Task Sharing & Joint Action
The ability to coordinate our actions with others is crucial for our success as individuals and in social interactions. Two people engaged in ballroom dancing, for example, need a remarkable ability to coordinate their actions in order to reach a common goal. Investigating task sharing/joint action in laboratory setting is one way of studying real-time social interactions. In such joint task settings, two or more individuals take care of certain aspects of a common task. Previous behavioural, electrophysiological, and neuroimaging research has shown that
- people take into account the other agent and his/her aspects of the task when working together, suggesting that they co-represent the other’s task (e.g., Sebanz et al. 2003, 2005, 2006; Knoblich & Sebanz, 2006);
- co-representation may involve predictive processes (Ramnani & Miall, 2004);
- co-representation does not require physical presence of another individual. Instead, it suffices that people believe they are performing together with another intentional agent Ramnani & Miall, 2004).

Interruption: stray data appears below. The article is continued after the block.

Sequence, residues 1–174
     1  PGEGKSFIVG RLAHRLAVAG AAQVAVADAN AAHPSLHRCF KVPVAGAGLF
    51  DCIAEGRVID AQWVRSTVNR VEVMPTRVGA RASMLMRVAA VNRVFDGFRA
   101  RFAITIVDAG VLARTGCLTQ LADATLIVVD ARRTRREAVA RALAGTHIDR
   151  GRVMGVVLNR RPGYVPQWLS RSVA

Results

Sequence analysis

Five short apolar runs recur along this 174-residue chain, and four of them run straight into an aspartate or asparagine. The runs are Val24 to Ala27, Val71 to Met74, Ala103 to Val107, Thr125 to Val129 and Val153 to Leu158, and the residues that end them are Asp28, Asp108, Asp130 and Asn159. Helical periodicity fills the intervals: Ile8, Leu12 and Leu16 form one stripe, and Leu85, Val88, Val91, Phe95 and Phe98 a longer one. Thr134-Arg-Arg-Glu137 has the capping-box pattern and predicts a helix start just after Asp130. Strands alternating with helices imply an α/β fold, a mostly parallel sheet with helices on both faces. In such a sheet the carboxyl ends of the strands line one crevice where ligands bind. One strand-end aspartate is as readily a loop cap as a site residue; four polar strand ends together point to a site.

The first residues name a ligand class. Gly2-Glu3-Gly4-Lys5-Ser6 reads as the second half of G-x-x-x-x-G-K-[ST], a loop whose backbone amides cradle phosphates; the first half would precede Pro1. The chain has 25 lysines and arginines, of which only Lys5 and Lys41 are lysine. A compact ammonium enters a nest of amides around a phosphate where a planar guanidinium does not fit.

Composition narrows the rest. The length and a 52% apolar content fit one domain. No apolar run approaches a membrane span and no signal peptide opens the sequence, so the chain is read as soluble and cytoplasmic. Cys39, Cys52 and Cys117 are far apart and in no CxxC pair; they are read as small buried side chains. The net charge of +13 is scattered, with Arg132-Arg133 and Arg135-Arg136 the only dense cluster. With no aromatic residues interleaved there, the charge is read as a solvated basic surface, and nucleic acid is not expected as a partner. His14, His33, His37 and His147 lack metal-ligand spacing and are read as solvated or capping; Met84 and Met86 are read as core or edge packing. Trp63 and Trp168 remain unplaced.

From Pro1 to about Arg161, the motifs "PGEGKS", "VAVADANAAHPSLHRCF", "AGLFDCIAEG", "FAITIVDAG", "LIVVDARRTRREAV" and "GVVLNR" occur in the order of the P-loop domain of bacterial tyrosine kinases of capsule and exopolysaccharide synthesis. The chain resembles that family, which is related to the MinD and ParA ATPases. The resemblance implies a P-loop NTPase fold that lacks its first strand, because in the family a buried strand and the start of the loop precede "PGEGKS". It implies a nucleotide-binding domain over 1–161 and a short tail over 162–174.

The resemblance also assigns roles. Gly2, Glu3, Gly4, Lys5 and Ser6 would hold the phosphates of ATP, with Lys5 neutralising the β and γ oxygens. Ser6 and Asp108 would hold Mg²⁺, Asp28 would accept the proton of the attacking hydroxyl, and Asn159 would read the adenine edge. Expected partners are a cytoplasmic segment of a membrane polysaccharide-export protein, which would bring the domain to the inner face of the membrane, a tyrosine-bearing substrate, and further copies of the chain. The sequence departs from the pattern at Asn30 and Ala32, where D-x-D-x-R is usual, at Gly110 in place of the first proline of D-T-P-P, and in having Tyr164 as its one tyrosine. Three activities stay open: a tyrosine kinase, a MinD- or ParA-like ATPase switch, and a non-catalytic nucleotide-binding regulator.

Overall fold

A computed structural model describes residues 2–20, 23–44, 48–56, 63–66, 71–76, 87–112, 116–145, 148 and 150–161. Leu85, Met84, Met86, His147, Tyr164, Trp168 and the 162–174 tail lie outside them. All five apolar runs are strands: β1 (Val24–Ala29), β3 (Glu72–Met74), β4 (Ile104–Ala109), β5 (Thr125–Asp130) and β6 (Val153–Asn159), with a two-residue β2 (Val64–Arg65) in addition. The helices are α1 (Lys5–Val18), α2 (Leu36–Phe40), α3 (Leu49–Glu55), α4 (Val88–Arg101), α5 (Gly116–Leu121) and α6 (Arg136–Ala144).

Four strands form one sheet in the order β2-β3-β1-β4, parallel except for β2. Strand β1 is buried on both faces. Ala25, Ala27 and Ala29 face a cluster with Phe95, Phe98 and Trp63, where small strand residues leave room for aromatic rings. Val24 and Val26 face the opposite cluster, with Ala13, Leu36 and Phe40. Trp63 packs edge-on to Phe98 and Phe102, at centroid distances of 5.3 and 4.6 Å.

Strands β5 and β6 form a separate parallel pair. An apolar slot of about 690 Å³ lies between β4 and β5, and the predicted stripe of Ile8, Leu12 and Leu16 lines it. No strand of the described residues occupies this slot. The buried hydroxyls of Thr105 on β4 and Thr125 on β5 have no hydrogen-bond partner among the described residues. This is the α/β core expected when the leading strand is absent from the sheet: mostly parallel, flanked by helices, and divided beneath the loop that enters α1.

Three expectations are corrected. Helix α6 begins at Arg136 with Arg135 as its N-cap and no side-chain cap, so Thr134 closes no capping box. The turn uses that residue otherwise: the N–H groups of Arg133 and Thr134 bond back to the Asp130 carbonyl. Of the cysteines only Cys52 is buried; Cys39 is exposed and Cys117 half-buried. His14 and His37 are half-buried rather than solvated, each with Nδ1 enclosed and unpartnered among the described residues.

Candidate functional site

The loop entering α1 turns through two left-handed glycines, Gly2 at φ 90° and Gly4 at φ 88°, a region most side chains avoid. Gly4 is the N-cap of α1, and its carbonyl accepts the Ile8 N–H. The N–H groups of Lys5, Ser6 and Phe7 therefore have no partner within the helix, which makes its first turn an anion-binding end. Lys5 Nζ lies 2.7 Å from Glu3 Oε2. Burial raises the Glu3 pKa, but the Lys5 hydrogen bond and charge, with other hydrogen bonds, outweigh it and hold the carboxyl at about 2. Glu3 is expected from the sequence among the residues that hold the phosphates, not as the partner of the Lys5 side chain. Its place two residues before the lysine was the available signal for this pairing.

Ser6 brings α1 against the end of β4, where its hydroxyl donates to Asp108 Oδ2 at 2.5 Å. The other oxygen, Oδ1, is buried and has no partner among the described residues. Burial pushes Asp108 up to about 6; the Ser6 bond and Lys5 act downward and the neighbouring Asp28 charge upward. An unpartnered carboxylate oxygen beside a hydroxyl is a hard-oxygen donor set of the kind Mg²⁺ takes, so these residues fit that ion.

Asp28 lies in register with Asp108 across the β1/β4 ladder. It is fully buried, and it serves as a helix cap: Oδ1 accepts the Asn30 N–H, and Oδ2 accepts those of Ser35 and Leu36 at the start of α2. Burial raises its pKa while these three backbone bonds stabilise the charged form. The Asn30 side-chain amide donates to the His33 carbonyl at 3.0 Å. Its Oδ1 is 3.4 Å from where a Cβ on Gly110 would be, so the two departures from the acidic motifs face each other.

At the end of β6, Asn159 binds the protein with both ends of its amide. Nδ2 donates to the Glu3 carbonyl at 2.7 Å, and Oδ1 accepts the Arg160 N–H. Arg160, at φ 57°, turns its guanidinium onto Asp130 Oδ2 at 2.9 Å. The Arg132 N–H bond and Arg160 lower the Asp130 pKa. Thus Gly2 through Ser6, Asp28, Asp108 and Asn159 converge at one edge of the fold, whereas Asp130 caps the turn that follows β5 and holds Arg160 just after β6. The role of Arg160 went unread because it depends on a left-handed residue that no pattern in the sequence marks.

Our research group investigates the underlying cognitive and neural mechanisms of such co-representations. To this end we conduct reaction time, EEG and fMRI experiments using several different tasks and effects that already have been extensively studied in individual task settings. Our goal is to answer questions such as:
- What exactly is shared in shared representations?
- Which processes are modulated by the fact that another agent is present?
- Is it possible to modulate the effects of co-representation by manipulating the instruction?
- Under which conditions are representations shared and under which conditions not?
- Is there a variance in shared representations, depending on the level of familiarity?